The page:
11 October 2021

EU sees standards as one of the 10 priority areas to strengthen its global leadership

By Ivo Cabral

Standard-setting has been identified by the European Commission as one of the 10 key strategic areas for the EU to ensure its ‘freedom and capacity to act’ in the decades to come. This is a clear sign of the crucial role standards-setting plays in geopolitics, and hence in our transition to an environmentally sustainable world.

The selection of ten areas is part of the Commission’s 2021 Strategic Foresight Report – a forward-looking exercise which aims to ‘put the EU in the best position to achieve their long-term policy objectives and play a strategic role’ in the global order.

In particular, the Commission’s report pointed out that ‘climate change and other environmental challenges’ are a key global megatrend that will continue to affect the EU in the coming decades, and finds that ‘ensuring first-mover global position in standard-setting’ will be one of the 10 key strategic areas to watch in realising the EU’s geostrategic objectives.

‘The EU is in competition for first mover advantage in standard-setting’, the report says. ‘This is particularly relevant in emerging technologies (and related products and services), such as artificial intelligence, blockchain, quantum, cyber security, sensitive and specialised data (e.g. in the fields of health and space), digital currencies and chemicals. Other priority fields include green technologies such as hydrogen, energy storage, offshore wind and sustainable transport’.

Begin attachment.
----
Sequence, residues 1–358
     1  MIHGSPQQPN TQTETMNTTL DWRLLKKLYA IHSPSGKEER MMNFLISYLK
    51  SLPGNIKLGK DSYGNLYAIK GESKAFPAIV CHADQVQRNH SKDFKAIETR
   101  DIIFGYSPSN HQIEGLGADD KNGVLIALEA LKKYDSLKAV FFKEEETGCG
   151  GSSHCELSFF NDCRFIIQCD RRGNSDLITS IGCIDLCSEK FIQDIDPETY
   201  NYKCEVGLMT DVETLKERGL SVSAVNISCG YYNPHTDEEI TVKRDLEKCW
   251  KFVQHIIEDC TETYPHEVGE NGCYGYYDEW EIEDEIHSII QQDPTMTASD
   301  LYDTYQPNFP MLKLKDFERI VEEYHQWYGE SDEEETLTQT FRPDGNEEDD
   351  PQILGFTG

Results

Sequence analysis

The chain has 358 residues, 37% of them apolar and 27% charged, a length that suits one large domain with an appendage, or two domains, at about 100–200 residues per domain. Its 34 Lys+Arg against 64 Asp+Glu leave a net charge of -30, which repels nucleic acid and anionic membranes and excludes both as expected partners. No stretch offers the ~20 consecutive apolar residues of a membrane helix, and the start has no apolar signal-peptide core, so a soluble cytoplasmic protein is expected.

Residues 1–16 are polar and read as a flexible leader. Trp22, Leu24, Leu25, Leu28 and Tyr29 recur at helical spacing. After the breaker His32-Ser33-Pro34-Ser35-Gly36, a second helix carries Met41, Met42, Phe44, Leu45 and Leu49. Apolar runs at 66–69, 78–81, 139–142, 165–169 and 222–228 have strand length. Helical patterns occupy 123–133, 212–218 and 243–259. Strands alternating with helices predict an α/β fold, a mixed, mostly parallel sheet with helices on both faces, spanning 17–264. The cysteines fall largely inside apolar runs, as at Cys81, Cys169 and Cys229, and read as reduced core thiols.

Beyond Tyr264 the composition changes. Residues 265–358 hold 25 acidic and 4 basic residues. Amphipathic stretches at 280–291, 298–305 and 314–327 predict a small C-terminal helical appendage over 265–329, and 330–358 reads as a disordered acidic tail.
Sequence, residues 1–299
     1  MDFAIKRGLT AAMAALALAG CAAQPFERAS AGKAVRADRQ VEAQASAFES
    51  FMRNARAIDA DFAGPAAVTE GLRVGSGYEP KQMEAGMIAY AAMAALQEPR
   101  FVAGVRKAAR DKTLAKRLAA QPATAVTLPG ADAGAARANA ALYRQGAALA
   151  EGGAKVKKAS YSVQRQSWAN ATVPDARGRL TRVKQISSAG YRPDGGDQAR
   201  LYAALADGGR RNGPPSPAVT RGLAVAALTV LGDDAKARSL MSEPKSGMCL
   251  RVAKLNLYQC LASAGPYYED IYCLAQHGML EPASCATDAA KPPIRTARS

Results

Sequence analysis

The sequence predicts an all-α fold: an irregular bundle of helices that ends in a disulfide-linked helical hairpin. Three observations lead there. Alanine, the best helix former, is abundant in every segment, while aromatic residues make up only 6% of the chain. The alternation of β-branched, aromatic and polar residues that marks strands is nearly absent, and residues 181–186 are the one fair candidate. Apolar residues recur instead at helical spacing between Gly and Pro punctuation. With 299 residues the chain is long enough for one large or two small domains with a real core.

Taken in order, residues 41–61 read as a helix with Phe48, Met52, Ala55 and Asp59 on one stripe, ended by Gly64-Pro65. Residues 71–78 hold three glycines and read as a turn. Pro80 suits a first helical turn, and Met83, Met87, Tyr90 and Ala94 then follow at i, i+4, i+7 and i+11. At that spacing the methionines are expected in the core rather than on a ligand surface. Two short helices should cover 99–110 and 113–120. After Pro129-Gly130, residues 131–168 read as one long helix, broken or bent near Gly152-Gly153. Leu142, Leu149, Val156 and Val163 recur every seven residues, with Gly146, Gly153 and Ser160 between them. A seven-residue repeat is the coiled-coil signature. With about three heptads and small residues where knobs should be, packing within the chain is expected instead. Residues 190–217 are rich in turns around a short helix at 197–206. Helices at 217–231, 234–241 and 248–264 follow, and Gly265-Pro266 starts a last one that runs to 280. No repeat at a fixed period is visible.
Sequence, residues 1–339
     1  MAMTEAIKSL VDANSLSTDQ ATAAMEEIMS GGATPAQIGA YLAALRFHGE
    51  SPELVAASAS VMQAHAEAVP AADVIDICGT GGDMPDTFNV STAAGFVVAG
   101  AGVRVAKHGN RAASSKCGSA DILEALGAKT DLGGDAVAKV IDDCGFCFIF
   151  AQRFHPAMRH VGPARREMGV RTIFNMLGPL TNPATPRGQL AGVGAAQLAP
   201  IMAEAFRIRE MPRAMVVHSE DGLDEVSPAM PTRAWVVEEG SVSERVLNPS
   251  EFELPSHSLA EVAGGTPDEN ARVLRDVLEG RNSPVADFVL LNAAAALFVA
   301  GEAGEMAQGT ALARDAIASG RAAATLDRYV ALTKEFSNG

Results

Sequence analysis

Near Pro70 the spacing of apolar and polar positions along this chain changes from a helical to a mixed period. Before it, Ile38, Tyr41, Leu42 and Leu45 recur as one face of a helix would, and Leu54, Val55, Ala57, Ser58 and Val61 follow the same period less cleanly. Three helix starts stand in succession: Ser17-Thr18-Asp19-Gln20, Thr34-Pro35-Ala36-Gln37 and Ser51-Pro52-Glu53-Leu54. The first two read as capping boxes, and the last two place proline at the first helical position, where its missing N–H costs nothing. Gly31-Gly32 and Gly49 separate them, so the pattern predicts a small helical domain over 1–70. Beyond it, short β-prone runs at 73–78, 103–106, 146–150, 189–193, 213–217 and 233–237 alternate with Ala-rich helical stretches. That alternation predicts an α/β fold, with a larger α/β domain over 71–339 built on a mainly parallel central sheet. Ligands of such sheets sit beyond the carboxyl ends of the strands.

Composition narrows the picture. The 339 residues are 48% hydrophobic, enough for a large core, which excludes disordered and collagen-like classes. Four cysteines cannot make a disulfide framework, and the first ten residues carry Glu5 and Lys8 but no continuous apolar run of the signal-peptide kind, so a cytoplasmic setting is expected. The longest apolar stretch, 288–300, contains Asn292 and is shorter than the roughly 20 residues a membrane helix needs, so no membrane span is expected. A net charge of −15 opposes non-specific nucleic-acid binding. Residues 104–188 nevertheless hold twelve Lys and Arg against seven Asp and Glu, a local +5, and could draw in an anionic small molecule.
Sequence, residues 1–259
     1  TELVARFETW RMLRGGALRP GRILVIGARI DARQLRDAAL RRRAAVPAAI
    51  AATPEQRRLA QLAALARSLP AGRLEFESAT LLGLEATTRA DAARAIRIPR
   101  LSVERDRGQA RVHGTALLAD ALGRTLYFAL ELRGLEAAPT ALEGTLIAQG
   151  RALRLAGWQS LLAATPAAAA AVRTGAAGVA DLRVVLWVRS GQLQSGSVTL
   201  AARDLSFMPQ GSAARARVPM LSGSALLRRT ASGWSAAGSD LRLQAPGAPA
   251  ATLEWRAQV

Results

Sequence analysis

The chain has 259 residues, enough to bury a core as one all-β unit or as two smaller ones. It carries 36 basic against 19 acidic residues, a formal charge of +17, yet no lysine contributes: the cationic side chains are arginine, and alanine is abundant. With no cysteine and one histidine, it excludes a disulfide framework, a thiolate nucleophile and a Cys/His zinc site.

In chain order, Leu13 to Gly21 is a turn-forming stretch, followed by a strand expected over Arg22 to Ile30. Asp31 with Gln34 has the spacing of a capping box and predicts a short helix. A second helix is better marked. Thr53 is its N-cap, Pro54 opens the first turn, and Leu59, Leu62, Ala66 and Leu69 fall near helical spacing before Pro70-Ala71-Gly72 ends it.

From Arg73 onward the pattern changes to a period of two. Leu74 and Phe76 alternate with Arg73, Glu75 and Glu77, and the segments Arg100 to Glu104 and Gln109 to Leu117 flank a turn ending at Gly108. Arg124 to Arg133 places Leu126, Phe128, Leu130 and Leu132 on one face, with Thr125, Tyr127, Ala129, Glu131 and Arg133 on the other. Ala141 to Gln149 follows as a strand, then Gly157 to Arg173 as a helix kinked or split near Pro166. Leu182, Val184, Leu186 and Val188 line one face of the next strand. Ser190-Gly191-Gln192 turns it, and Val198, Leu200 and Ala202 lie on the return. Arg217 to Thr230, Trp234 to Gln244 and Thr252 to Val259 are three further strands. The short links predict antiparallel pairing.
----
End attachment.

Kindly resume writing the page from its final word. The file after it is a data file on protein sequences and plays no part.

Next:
The report goes on to say that the acceptance of EU standards at the international level is crucial for the EU to have an influence in the global order and leadership on climate change, sustainability and protection of consumers, among others. Authors also highlight active regulatory cooperation as a priority action for the EU to take a leading role in international norm setting organisations, such as ISO.

The 2021 Commission’s Foresight Report confirms the importance that standards play in international trade, and therefore in the transition to a climate-neutral world.

The full list of key geostrategic areas identified by the 2021 Commission’s Foresight Report include the following:

  1. Ensuring sustainable and resilient health and food systems
  2. Securing decarbonised and affordable energy
  3. Strengthening capacity in data management, artificial intelligence and cutting-edge technologies
  4. Securing and diversifying supply of critical raw materials
  5. Ensuring first-mover global position in standard-setting
  6. Building a resilience and future-proof economics and financial systems
  7. Developing and retaining skills and talent matching EU ambitions
  8. Strengthening security and defence capacities and access to space
  9. Working with global partners to promote peace, security and prosperity for all
  10. Strengthening the resilience of institutions.

Full European Commission report available here: https://ec.europa.eu/info/strategy/strategic-planning/strategic-foresight/2021-strategic-foresight-report_en

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